I can see it now: a woman is raped, Superman comes along and says, “sorry lady, I’m not helping you. If you hadn’t dressed like a slut, maybe this wouldn’t have happened to you.”

    Maybe they can come up with their own comic book heroes, like “Objectivism Man”. His super power is to deliver 3 hour long monologues about makers and takers, and he doesn’t actually do anything to help anybody because that would be helping the undeserving.

    • Randy Govostis

      Supreme by Image comics shows what a conservative Superman would be like, it gets pretty ugly but I liked the series.

    • PadThai2

      Have you heard of Mr. A by Steve Ditko?

      • Aaron Litz

        Like The Question gone full-blown Randian insane (even moreso than he already was.)

        • PadThai2

          Huh. I thought Miller’s Batman (at least in Dark Knight Returns) was supposed to be quasi-fascist. Or do you mean the All-Star Batman? Because he wasn’t like that in Year One from what I remember.

  • Raf

    Superman is an illegal alien.

    • ellid

      We also don’t know if Captain America’s parents were here legally or not. HE was born in New York, but his parents were Irish immigrants so who knows?

      Either way he’s definitely one of the 47% Mitt Romney hated so much – beneficiary of a government medical experiment, has worked for the Army or the government all his life, eligible for Social Security and Medicare and Tricare and the VA, defends gay marriage and civil rights –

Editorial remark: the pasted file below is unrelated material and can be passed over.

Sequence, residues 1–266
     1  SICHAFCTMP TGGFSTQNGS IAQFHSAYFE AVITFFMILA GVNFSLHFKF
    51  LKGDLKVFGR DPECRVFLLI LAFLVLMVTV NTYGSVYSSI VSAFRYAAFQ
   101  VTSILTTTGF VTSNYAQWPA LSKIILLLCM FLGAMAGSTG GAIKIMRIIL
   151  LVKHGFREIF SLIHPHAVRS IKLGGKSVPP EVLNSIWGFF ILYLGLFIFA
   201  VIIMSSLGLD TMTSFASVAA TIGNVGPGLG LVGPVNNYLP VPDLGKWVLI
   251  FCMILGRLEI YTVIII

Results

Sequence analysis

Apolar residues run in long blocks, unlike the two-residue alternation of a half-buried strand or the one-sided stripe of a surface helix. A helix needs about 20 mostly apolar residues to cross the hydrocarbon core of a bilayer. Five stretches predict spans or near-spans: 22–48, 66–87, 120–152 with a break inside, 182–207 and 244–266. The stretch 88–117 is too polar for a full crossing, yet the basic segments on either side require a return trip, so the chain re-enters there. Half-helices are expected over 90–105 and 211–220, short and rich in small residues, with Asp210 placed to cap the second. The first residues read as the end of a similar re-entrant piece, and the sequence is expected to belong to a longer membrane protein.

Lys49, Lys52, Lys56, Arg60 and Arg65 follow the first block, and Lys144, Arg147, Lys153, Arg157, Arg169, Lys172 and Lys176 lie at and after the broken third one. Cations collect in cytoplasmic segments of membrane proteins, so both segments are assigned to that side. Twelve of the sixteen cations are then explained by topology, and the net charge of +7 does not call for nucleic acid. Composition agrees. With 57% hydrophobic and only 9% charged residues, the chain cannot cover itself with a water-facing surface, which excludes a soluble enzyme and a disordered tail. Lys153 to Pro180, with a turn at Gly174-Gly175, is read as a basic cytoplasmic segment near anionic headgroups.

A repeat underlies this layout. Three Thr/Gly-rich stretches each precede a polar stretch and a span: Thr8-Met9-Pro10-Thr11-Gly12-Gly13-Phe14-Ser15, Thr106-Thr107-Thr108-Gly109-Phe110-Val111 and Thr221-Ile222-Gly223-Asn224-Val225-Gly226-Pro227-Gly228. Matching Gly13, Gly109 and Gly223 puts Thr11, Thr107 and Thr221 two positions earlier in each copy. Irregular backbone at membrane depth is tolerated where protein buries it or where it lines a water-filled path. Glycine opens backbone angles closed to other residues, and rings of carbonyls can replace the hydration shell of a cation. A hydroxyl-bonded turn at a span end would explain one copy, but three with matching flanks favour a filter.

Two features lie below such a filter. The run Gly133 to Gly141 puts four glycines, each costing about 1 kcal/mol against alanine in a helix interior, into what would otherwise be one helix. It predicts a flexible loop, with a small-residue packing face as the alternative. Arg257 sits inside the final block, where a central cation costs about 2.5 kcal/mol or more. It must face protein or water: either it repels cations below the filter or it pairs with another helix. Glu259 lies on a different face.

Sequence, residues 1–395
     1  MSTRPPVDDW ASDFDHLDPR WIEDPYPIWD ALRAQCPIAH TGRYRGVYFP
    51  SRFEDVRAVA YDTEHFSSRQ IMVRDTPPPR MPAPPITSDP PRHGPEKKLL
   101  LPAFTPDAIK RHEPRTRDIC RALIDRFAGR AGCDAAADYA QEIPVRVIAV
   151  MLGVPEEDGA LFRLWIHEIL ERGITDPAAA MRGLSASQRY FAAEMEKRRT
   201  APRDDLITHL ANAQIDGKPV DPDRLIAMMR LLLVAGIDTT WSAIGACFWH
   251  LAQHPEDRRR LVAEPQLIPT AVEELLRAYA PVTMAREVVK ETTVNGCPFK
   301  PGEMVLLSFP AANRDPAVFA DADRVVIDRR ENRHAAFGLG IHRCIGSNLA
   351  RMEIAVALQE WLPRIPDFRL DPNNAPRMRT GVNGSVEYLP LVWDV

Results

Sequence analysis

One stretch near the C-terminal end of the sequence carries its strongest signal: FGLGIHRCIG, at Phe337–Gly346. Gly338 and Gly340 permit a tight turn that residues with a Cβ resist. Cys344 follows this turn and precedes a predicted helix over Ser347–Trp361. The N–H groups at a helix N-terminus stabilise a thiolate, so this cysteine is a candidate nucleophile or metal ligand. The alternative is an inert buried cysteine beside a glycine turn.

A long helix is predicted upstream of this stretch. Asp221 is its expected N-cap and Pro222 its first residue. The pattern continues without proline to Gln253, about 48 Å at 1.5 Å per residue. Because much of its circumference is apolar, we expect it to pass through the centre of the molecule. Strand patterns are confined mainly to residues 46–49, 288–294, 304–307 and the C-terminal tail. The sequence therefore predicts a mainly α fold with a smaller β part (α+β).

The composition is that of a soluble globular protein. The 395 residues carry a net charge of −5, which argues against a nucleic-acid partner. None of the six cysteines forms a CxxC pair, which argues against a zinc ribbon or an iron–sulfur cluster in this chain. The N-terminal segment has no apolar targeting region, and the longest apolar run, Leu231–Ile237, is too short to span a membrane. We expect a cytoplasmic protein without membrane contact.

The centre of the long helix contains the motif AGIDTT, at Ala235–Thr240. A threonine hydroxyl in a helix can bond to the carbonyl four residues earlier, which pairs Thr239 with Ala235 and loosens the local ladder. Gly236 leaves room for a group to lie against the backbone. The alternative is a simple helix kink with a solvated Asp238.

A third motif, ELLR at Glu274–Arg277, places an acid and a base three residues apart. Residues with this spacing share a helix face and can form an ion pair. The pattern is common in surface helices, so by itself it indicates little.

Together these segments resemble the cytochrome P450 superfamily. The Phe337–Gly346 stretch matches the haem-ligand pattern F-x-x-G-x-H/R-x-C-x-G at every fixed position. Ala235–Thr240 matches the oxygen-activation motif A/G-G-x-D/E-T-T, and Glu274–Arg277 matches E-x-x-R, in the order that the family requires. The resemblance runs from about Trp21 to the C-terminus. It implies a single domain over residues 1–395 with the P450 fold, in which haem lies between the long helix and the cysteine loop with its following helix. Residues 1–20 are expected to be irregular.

No, not a conservative. Not even close.

  • trgahan

    How formulaically conservative of Mr. Dixon:

    Preside over the worst period in comic’s history and due to his actual performance he get pushed aside when the industry goes another way and resurrects itself; so he then uses his friends and current book publisher’s influence to get onto the Wall Street Journal to rant about how it’s all liberals fault (never his says a member of the party of personal responsibility) and he presents his argument to an audience largely ignorant of comics or the history of the art/literary form (ie. they don’t know he was a talentless hack, but they EAT up fan fiction about conservatives suffering for their conservatism).

    The only thing MORE cliché is that his current book is a revisionist history of liberal propaganda (aka. historic fact) depicting what might had happened if FDR had been George W. Bush.

    • r€nato

      you know, that makes me wonder… if he had to write a book about the ‘alternate history’ where the New Deal was an abject failure, doesn’t that mean that the New Deal worked in the real world where most of us live (those of us not inhabiting the right-wing reality distortion sphere)? Which of course is completely contrary to right-wing dogma…

      • trgahan

        Yeah, the funny thing is the Great Depression ran for 4 years (1929-1933) under Hoover’s conservative, “free market”-style federal government that current Republicans have wet-dreams about and the economic downturn only grew worse…..I’m sure this fact is accurately portrayed in Dixon’s adaptation of Shlaes’ book.

        • Pithy Eponym Here

          A sin of omission isn’t a sin of no one catches it. Too bad there’s the Google, Wikipedia and even the Library of Congress readily at hand on line.

    • Rick McCallister

      He’s one of many comic writers and artists who went off into a world of paranoid delusion.

  • Saren Arterius